How Street Luge Works

By: Bambi Turner

Street Luge Basics

Picture yourself on a curvy road high in the mountains. In your vehicle, you'd likely slow down to accommodate the curves and steep terrain. Take away the car and imagine yourself in a small metal sled traveling 60 mph (96 kph) or more on the same roads. Now, imagine that the sled you're riding has no brakes. If this sounds like fun, street luge just might be the sport for you.

Before you begin, it's important to gear up with the right equipment. New riders may want to start with a buttboard (also known as a long board or lay-down board), rather than a true street luge sled. Not only will you save money this way, but you'll be better able to control your speed as you master your riding techniques. Take advantage of every piece of safety gear you can get your hands on, and don't take the danger of this sport lightly [source: O'Neill].


Most street luge riders who live to ride another day start by walking the course they plan to ride. This allows the rider to understand the terrain and prepare himself or herself for possible problems with traction or skidding. Look for imperfections in the road such as potholes or cracks, which could throw you off your board or damage your wheels. Finally, keep an eye out for obstacles like lampposts, mailboxes, fences and anything else that you could potentially crash into while you ride. Only after you know where all of these items are located should you begin to plan your route down the course.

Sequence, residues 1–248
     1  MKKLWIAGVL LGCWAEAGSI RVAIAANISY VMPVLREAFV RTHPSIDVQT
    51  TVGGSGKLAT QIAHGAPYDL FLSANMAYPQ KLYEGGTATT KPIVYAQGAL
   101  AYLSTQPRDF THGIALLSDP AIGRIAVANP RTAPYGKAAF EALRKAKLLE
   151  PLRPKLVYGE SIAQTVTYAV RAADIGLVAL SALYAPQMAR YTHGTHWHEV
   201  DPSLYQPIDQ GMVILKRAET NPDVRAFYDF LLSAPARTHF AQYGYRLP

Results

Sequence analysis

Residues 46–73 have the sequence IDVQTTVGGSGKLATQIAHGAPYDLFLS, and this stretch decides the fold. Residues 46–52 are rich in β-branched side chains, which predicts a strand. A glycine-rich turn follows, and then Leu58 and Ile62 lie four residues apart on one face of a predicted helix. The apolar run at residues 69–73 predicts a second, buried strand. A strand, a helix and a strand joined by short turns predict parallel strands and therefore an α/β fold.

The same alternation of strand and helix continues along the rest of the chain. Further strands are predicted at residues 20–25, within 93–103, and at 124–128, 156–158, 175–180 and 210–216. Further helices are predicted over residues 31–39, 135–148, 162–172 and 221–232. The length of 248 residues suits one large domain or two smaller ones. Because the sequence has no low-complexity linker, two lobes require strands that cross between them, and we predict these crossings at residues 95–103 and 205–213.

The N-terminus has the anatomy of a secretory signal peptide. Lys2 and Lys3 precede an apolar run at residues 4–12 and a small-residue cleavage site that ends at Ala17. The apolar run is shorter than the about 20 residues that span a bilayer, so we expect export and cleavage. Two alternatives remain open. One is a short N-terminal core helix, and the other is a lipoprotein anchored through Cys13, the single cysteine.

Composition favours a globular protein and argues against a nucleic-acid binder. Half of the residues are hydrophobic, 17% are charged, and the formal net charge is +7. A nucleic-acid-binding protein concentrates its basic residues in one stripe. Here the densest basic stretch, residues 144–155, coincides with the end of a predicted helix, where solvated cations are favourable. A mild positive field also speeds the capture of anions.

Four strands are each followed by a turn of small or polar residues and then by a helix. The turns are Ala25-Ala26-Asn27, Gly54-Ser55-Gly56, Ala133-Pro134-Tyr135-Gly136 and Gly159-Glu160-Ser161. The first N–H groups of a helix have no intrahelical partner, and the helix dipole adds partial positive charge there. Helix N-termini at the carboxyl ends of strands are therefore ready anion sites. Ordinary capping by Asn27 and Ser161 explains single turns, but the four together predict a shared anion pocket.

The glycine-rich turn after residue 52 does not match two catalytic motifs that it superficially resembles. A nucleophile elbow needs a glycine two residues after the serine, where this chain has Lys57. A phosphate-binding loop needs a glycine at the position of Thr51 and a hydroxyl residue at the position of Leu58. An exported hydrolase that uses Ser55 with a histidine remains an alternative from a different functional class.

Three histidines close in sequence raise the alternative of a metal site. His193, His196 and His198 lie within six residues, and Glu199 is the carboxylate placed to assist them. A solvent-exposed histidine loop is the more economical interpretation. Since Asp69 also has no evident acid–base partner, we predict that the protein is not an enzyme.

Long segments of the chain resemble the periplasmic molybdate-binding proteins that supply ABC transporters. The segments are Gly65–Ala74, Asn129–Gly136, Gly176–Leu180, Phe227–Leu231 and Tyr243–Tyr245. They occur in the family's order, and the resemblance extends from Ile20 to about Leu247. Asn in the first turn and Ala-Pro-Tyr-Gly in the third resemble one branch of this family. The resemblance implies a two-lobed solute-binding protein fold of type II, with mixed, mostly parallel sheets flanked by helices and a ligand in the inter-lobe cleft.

It can be tempting to find the closest big hill and let yourself fly, but new riders should be prepared to start small. Start your first ride just a few yards before the end of the slope, making sure there's plenty of level ground beyond the hill for you to practice braking. These first few rides will seem short, but they'll allow you to get a feel for braking, steering and controlling your board. As you get more comfortable with luging, move further up the hill to enjoy longer rides and higher levels of speed.

Start by sitting on your board with your hands resting on the ground on either side. Use your hands to push yourself along the road until gravity takes over, then lie down on your board to enjoy the ride. On a sled, you'll steer by applying pressure with your feet. On most buttboards or simple sled models, you can steer by leaning in different directions. Powered street luge riders face tremendous levels of speed which may make steering difficult, so many of these boards will feature some type of mechanized steering system for better control.

Now we come to the most important part of street luge riding: braking. The majority of street luge boards don't have brakes, and competitive racers may not have any type of mechanical braking system, according to the rules of race governing bodies. Instead, street lugers stop by dragging their feet along the ground. The friction between the feet and the road surface will slow the board and eventually bring the rider to a stop [source: O'Neill].

Of course, riders need special protection to allow them to stop safely with their feet at high speeds. Most wear special riding shoes made of leather or rubber. Others add thick sections of tire treads to the outside of their shoes to help keep the feet protected. Because of the tremendous amount of friction created by braking, street luge participants should be prepared to maintain footwear often and to add new rubber after almost every day of racing [source: Lott].